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An EU-Turkey Deal on Migrants? Or, the Skirting of International Law?

Legal questions remain as to the soundness of a proposed European Union(EU)-Turkey deal aim at diffusing the continent's migrant crisis. And as a Turkish delegation meeting in Brussels, Belgium, contemplates the EU offer today, the proposal appears flawed under international law in respect of the humanitarian obligation of due process accorded each and every migrant seeking solace.

The proposal calls for Turkey to accept all irregular migrants that are deported from Greece. In exchange, for every irregular migrant Turkey receives back, the EU would settle a Syrian migrant from Turkey. The plan also calls for the EU to speed a policy to allow non-visa Turk visits by June, 2016, and to fast-track talks regarding Turkey's membership in the EU. Moreover, the plans calls for the speeding up of a $3.3 billion aid package promised to Turkey last October with a possibility of providing more aid.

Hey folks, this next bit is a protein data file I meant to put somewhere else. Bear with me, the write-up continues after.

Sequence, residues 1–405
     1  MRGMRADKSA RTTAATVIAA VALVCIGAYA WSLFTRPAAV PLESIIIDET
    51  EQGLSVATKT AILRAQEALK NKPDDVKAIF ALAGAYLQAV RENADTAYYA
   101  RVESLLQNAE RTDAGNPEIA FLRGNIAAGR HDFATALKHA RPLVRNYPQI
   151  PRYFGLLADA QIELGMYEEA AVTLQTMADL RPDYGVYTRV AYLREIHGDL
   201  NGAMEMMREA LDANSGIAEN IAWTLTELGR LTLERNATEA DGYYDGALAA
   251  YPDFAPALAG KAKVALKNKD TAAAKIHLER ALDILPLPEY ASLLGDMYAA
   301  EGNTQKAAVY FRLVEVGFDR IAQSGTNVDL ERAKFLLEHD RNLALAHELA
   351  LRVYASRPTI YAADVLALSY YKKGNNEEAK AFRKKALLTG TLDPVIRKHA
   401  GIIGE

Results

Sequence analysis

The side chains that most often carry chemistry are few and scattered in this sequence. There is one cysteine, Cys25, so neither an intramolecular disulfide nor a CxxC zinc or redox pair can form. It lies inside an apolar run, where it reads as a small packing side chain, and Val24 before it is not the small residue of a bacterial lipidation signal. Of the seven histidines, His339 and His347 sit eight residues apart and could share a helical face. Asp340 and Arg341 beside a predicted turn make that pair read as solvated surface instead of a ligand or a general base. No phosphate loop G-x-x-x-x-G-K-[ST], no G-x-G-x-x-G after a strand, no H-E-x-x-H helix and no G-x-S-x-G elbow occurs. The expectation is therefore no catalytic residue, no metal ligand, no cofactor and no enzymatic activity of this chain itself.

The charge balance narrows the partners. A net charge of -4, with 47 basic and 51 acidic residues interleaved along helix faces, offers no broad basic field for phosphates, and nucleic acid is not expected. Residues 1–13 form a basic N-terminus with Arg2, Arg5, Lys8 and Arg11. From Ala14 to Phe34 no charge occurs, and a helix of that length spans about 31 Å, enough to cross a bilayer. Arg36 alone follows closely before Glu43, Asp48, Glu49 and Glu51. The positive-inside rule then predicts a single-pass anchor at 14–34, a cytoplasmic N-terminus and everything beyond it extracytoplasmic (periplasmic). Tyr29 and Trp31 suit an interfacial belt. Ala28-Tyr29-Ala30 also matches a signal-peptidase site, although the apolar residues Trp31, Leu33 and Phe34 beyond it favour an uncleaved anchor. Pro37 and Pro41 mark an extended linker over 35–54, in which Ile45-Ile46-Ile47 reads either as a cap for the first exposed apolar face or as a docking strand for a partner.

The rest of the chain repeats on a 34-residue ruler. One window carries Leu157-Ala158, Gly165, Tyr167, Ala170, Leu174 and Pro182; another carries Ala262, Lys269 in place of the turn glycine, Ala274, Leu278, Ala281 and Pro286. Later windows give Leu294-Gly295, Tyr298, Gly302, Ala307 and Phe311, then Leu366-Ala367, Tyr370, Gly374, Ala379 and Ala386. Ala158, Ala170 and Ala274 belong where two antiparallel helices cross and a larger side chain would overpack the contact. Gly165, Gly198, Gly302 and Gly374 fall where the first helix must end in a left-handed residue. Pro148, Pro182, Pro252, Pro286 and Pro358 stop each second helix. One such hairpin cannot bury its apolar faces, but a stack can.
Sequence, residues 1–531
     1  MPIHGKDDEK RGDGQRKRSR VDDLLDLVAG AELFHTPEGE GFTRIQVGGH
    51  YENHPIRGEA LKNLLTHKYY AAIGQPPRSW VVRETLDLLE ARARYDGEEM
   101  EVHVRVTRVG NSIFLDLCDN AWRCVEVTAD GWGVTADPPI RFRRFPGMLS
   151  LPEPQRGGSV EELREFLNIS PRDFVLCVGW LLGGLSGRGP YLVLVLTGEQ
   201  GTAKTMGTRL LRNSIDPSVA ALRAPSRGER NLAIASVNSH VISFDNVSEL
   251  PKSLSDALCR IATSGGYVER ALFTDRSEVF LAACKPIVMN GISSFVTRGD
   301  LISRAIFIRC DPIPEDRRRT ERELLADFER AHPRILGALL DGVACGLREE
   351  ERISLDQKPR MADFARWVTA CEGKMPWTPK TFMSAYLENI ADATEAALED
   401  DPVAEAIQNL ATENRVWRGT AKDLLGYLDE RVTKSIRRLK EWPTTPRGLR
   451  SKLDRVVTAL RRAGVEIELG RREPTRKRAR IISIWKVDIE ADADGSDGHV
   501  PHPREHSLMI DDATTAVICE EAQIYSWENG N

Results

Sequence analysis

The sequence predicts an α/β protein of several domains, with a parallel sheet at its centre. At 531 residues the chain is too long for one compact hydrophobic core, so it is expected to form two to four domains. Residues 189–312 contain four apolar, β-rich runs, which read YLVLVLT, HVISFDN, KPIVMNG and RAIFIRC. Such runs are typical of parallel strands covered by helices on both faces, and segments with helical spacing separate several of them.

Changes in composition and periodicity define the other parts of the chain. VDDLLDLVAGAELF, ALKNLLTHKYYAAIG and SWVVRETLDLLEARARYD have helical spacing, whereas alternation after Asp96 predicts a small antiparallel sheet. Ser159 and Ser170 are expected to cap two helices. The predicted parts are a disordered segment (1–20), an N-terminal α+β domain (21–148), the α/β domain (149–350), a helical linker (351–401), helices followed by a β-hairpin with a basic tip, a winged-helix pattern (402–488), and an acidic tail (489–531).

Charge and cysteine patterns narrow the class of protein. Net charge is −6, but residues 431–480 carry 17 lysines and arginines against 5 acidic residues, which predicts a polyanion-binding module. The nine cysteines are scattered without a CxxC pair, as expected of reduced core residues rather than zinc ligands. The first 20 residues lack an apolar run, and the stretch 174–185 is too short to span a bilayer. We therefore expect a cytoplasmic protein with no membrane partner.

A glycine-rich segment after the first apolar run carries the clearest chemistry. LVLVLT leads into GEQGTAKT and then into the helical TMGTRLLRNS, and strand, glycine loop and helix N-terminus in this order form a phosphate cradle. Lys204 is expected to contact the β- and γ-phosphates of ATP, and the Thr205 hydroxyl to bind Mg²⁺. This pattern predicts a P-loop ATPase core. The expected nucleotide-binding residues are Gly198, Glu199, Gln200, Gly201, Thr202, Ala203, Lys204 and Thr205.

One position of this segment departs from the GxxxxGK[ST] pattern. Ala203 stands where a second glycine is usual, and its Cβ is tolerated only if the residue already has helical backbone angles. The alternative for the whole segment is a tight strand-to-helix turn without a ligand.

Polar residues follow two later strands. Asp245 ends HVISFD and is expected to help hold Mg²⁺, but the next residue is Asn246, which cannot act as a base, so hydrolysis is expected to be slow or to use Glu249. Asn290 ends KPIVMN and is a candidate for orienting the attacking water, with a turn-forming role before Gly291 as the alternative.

However, international rights organizations and scholars including Amnesty International, have questioned the EU-Turkey deal on the basic that on its face, due process of each claimant for asylum might not be considered or denied without a hearing.

Hence, the EU should manage its migrant crisis from within its bloc of members paying due consideration and responsibility to its humanitarian obligations under International Law with a view to accepting its newest people via a humane and orderly logistical hub in Greece.